Are you sure it is a protective behaivour and not just "I want to run ahead and play"? My dogs are bonded more to me then they are to my kids but when they run and play my dogs want to run and play. Watch pups when they play rough, they chase and bark and nip. I would be more wondering if was this type of scenario and breaking that habit. How to go about that would be to try and get your daughter to play calmly and confidently with your pup and let her know that Miss is not going to play if she is going to get boisterous. Get Miss to stop and turn her back when Chloe starts to bark and a firm No from her if she starts being silly and then turn her back, you will of course have to supervise and step in if Chloe ignores your daughter but try and let your daughter do most of the commands.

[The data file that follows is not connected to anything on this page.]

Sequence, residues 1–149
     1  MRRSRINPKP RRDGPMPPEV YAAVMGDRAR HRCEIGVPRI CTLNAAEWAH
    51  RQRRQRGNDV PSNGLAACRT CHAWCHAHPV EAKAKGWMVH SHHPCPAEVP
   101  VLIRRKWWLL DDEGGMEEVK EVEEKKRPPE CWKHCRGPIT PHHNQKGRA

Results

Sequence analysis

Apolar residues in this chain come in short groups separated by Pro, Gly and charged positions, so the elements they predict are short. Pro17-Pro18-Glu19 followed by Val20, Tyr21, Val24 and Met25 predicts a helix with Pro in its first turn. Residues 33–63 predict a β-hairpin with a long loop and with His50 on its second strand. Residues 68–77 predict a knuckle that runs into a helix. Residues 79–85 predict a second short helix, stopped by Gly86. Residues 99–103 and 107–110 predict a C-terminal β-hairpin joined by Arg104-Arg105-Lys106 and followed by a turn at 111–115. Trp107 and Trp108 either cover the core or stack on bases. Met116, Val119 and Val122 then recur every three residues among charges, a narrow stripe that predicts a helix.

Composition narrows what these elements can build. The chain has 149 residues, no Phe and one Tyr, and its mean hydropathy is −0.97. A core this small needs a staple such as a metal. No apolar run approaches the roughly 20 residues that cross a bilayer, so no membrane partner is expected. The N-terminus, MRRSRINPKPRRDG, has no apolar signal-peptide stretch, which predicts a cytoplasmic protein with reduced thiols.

Well despite Tay doing the above things i just mentioned, when she is getting way to Over the top and so forth, this is what i try and tell tay to do. She drops all toys etc, she folds her arms turns her back and says "NO chloe" in a deep (angryish for a child to get the depth) voice.. I haven't stopped doing this, but am glad that i'm at least on the right track..


    Ill also look into that book too thanks mouse and chicken..

    However for the meantime and taking a step back and looking at the situation, i'm going to point to the fact of tays behavior when she decided to play with chloe (as i described above about being a pup with her etc GRRR) as the reason that Chloe has no respect (for lack of a better word) for her??

    So whilst this post started as help me with my dog, it's now changed to Help me with my child! haha

    How did you go about teaching your kids that they MUST remain 'above' the dog??

  8. #8
    Join Date
    Jan 2009